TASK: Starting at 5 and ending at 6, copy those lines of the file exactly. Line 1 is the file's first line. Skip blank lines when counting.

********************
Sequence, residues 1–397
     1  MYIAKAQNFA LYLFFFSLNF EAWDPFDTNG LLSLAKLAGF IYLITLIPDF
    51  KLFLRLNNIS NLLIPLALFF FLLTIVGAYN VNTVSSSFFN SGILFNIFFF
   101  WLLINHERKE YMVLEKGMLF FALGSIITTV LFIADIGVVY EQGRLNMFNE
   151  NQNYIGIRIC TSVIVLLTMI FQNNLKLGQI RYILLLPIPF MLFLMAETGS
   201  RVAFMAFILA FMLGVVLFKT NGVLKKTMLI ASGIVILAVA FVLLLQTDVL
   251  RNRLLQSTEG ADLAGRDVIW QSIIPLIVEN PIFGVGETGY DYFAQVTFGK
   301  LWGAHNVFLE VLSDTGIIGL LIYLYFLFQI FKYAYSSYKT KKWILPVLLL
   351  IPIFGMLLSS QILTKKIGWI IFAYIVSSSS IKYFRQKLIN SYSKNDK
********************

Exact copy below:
   151  NQNYIGIRIC TSVIVLLTMI FQNNLKLGQI RYILLLPIPF MLFLMAETGS
   201  RVAFMAFILA FMLGVVLFKT NGVLKKTMLI ASGIVILAVA FVLLLQTDVL